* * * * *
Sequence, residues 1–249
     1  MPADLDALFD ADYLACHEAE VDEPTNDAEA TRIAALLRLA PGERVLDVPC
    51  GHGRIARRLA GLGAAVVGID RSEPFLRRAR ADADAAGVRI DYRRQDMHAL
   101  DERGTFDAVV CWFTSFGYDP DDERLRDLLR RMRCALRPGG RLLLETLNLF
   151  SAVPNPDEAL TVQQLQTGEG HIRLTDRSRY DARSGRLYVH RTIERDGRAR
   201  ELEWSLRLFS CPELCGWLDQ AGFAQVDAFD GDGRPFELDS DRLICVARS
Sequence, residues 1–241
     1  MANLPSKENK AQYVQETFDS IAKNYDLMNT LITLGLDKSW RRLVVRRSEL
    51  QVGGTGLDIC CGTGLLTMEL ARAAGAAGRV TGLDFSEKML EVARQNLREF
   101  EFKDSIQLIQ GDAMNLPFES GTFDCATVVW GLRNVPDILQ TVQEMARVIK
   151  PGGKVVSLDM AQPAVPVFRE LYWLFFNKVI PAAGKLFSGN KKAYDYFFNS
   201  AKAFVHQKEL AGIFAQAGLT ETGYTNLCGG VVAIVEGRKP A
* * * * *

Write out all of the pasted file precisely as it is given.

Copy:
Sequence, residues 1–249
     1  MPADLDALFD ADYLACHEAE VDEPTNDAEA TRIAALLRLA PGERVLDVPC
    51  GHGRIARRLA GLGAAVVGID RSEPFLRRAR ADADAAGVRI DYRRQDMHAL
   101  DERGTFDAVV CWFTSFGYDP DDERLRDLLR RMRCALRPGG RLLLETLNLF
   151  SAVPNPDEAL TVQQLQTGEG HIRLTDRSRY DARSGRLYVH RTIERDGRAR
   201  ELEWSLRLFS CPELCGWLDQ AGFAQVDAFD GDGRPFELDS DRLICVARS
Sequence, residues 1–241
     1  MANLPSKENK AQYVQETFDS IAKNYDLMNT LITLGLDKSW RRLVVRRSEL
    51  QVGGTGLDIC CGTGLLTMEL ARAAGAAGRV TGLDFSEKML EVARQNLREF
   101  EFKDSIQLIQ GDAMNLPFES GTFDCATVVW GLRNVPDILQ TVQEMARVIK
   151  PGGKVVSLDM AQPAVPVFRE LYWLFFNKVI PAAGKLFSGN KKAYDYFFNS
   201  AKAFVHQKEL AGIFAQAGLT ETGYTNLCGG VVAIVEGRKP A